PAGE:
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Strategic Insights in Accelerating Technological Change

26 February, 2005
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UCLA Futurists Move Ahead
Thanks to students Brent Bushnell and Chris Folk, UCLA Futurists is now up and running, with monthly meetings on the UCLA Campus. Our website (presently a one-page affair listing our next speaker) is also up at Big thanks to Paul Grasshoff for sponsoring new business cards, as we begin promoting our new location to 36,000 UCLA students and to the wider L.A. community. Thanks to graphics whiz Marlon Rojas for the artwork. Is anyone interested in starting Stanford Futurists? Rion Snow is ready for company in that endeavor.

Save the Date: AC2005 is September 16-18, 2005
Accelerating Change 2005: Intelligence Amplification and Artificial Intelligence, will be September 16-18. We will have tutorials all day Friday, Sept 16, on the Stanford campus.

New AC2004 Audio
Gordon Bell, Keith Halper, Cory Ondrejka, and the Jaron Lanier vs Will Wright debate are all newly available as a podcast (streaming or download) at our media partner, IT Conversations. Cory's talk (picture at left) on Virtual Worlds is currently rated four stars, and was one of the favorites of all the excellent presentations last year.
Click and listen at your computer or download to your iPod Mini and get mobile enlightenment! You can regularly check the free AC2004 audio archive at IT Conversations, or register for email notification of new postings.

Affiliate Conference
The Arlington Institute's 3rd Annual Conference, Tools for the Development of Humanity, will be this April 25-26, 2005 in Washington, DC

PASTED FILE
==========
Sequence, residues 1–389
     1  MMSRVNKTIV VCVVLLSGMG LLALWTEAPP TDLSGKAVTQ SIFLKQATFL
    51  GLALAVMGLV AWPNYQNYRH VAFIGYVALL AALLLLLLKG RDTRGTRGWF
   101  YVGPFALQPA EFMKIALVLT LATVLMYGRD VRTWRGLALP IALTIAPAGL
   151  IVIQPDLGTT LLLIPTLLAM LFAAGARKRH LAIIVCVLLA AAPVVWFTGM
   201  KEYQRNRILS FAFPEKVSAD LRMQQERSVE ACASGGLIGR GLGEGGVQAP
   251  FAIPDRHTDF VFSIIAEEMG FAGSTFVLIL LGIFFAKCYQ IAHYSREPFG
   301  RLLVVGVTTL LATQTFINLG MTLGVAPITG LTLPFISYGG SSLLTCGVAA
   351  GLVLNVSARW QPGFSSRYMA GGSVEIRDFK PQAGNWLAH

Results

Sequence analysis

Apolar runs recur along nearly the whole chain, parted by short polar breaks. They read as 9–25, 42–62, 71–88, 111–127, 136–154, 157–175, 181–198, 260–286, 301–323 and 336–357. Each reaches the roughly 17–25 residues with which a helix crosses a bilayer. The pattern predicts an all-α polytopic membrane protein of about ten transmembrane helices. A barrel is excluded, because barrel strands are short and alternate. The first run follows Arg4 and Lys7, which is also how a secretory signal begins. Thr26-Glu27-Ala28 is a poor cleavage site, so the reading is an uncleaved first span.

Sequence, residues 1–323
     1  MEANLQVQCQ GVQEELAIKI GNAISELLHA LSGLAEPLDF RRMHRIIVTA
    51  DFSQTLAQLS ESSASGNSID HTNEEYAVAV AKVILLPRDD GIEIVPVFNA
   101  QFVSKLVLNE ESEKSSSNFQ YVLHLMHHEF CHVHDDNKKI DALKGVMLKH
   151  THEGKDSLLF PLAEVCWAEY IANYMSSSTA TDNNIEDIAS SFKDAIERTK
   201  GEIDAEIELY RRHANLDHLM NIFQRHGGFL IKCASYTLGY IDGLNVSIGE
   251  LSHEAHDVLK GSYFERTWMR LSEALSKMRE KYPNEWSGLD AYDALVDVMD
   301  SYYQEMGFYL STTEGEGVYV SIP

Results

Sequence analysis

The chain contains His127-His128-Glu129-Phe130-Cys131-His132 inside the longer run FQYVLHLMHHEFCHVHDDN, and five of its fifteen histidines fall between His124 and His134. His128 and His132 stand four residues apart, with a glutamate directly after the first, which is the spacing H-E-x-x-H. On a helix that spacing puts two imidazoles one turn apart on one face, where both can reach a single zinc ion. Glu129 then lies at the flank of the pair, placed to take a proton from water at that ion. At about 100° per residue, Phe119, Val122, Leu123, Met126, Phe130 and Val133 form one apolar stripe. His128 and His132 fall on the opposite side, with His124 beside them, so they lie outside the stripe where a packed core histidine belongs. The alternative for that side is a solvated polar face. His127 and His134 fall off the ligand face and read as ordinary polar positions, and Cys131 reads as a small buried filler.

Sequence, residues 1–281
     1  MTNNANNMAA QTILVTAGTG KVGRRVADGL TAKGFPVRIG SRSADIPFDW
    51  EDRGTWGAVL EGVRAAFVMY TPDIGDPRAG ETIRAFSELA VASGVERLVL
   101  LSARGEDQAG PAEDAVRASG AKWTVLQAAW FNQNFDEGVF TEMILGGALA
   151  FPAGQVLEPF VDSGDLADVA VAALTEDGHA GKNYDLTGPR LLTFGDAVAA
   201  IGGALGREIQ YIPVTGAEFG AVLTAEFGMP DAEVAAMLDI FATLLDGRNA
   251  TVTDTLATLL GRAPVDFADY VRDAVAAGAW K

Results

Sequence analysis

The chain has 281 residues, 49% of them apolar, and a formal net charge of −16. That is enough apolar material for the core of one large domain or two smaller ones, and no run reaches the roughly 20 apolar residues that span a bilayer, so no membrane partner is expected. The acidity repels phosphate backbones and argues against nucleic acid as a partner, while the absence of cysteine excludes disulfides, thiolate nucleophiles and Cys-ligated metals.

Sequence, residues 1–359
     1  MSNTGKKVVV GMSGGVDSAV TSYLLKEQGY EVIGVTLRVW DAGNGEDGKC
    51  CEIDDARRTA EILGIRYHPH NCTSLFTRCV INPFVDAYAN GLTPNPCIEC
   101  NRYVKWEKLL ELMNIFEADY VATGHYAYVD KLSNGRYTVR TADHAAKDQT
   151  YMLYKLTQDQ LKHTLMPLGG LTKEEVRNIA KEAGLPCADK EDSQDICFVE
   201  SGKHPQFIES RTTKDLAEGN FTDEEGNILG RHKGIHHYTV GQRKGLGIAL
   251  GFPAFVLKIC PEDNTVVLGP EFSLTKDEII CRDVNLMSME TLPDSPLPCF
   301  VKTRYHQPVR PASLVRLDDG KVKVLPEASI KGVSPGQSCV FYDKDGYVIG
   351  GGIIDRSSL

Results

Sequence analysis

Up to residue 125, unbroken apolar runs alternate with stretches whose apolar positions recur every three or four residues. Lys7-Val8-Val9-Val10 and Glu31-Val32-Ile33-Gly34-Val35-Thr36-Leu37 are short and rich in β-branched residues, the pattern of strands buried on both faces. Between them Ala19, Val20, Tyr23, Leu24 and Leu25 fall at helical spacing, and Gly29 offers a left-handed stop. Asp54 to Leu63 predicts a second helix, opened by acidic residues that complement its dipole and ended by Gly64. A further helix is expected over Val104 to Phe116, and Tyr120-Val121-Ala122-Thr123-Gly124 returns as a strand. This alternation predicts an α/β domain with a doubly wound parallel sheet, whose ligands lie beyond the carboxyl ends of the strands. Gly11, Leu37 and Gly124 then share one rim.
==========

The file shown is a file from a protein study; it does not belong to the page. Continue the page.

Former Senator Gary Hart, Futurist David Brin, Theoretician Max Boisot, and authors Neale Donald Walsch and Mark Ian Barasch, and ASF President John Smart are six of 25 confirmed speakers for TAICON2005. The conference marks The Institute's annual tradition of sponsoring a forum to address humanity¹s most profound issues.

This year's conference program, Tools for the Development of Humanity, addresses the big question: What can we do and what is available to facilitate rapid, large-scale, global social value change? Building on last year's Breakthrough Technologies for the World's Biggest Problems, TAICON2005 provides a venue for an unusual spectrum of provocative and insightful speakers covering everything from social technology and new human institutions to large-scale personal enlightenment. The more than 300 participants will have the unique opportunity to personally engage and interact with provocative speakers and thought leaders throughout the varied program format. For more information and registration, visit or email

"We came all this way to explore the moon, and the most important thing is that we discovered the Earth." William Anders, Apollo 8 astronaut
"Power is only important as an instrument for service to the powerless." – Lech Walesa

Resources and Tools

PC Annoyances: How to Fix the Most Annoying Things About Your Personal Computer by Steve Bass (2003), 200 pages. This short, easy-to-read book gives you tips on maximizing your computer usage and minimizing hardware and software settings annoyances that tempt you to throw your PC out the window. It earned great reviews on

Windows XP Annoyances: Tips, Secrets, and Solutions